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Golden Ears: iFi xDSD Gryphon Portable Balanced DAC/Amp Review

Portable Powerhouse

Christopher Coke Updated: Posted:
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Hardware Reviews 0

As PC enthusiasts, we’re all about the tech that drives our favorite experiences. Sometimes that means a great graphics card. Sometimes a high-end monitor. But here at Golden Ears, it’s all about audio. Today, we’re looking at a brand new portable DAC/amp from the team at iFi Audio with the iFi xDSD Gryphon. It offers a full watt of power to drive even the most demanding headphones, wired or high-res Bluetooth support, the ability to act as a high-res soundcard for your PC, balanced and single-ended support, so you won’t be left searching for cables, and even the ability to increase bass and soundstage at the push of a button. Coming in at $599, it’s competitively priced while still being prime Golden Ears territory. 

Enough with introductions. Let’s dig into this killer piece of kit.

Specifications

Click to Enlarge

iFi xDSD Gryphon - Overview and First Impressions

Thousand-foot view: the iFi xDSD Gryphon is a powerful and portable DAC and amplifier that supports both balanced and single-ended connections, and is also Bluetooth-enabled to cut the cord when on the go. It features an excellent, high-resolution multi-bit DAC and a full watt of power (balanced, 320mW single-ended), so you can drive demanding headphones but somehow manages to be nearly the same size as the Hip-dac2 (reviewed here a couple weeks ago). There’s a built-in OLED screen to quickly keep track of your source, resolution, Bluetooth codec, volume, and more. It supports full MQA unfolding, DSD, DXD, LDAC, AptX Adaptive, and virtually every other high-res Bluetooth codec. It’s also fully compatible with PC and can act as an external soundcard, elevating your entire entertainment experience from gaming to getting down with your favorite music.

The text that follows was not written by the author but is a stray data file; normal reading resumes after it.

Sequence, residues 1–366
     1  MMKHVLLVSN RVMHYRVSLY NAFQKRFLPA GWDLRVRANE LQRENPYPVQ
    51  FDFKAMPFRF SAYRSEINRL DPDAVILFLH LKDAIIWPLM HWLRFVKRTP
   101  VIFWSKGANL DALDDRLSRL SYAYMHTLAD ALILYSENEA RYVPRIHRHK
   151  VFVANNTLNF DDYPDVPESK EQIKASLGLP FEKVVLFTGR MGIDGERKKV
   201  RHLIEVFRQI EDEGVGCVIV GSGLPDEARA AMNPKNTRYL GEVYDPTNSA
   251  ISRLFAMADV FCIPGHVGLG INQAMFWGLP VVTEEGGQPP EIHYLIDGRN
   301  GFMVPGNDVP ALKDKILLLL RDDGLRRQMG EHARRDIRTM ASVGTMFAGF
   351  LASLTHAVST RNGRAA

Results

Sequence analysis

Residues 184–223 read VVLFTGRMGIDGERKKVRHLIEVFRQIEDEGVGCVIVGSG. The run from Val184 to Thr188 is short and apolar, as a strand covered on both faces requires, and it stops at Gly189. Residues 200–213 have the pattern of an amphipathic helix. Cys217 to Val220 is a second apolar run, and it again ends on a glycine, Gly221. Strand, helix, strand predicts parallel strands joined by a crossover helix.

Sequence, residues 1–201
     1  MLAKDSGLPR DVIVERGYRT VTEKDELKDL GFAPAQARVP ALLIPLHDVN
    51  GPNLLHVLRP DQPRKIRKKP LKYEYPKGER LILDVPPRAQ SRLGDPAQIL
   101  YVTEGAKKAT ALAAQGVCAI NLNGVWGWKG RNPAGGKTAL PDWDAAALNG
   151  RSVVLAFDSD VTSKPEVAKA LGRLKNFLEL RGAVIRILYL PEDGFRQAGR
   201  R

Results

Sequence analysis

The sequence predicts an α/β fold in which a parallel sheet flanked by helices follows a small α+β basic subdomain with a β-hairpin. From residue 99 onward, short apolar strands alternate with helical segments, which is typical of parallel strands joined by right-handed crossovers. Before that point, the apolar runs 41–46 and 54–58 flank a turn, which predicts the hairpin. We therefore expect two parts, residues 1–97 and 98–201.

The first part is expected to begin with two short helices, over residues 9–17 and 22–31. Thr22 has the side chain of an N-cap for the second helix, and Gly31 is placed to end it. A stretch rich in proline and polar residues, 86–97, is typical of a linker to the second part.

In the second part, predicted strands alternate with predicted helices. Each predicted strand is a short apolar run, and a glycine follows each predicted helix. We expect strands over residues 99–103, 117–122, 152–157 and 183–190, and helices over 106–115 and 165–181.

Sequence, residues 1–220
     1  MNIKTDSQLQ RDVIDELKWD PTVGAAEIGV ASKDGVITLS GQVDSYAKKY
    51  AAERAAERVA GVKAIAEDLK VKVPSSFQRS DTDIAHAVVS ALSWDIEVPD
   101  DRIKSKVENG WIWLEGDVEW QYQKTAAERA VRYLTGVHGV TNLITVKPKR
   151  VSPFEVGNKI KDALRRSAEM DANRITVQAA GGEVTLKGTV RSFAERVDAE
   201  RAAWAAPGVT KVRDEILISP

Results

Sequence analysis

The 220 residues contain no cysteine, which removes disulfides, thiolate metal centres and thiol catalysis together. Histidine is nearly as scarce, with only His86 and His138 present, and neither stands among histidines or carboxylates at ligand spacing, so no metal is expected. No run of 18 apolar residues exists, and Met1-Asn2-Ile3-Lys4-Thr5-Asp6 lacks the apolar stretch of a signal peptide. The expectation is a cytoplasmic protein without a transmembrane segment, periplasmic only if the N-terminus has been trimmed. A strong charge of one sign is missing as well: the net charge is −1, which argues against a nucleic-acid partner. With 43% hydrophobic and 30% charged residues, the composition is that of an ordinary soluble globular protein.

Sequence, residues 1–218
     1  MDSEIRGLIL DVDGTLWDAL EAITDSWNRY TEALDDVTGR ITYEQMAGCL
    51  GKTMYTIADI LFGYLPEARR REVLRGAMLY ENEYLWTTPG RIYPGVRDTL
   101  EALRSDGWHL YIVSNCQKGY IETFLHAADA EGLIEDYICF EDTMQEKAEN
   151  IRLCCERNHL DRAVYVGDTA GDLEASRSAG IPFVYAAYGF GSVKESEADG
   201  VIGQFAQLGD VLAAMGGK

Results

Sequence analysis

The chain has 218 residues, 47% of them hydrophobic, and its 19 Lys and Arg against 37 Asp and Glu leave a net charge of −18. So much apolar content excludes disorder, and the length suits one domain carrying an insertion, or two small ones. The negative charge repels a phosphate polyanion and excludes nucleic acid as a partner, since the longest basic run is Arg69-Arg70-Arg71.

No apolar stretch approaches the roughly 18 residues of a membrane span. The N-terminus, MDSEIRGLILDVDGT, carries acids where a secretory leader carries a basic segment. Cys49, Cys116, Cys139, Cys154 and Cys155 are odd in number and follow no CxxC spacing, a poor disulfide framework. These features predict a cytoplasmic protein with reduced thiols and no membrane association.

This is a device designed to deliver the full audiophile experience no matter where you happen to be and doesn’t demand multiple bricks and a mess of wires to achieve it. It is a wholesale success. At this price, you would be right to say it should be, but, the reality is that there are other devices out there trying to do similar things, but few are quite as good as the xDSD Gryphon at this price. It’s an expensive product but also a high-value one looking at the wider market. The mix of features, power, and enjoyable sound really make it something special.

As we’ve seen with the other iFi products we’re reviewed recently, the company is very targeted with the products it offers and fine-tunes them to meet that particular market. The Gryphon is the third in a trio of recently released products to meet the needs of different consumers. The iFi Go Blu was for the portable user who wanted above-average power and sound quality but in as small of a package as possible. The iFi Hip-dac2 was for the user who didn’t mind connecting with a wire and needed some extra power in a small and stylish package. The iFi xDSD Gryphon combines those two worlds, providing users the option to connect wired to their PC or smartphone, or to connect wireless without sacrificing anything in-between.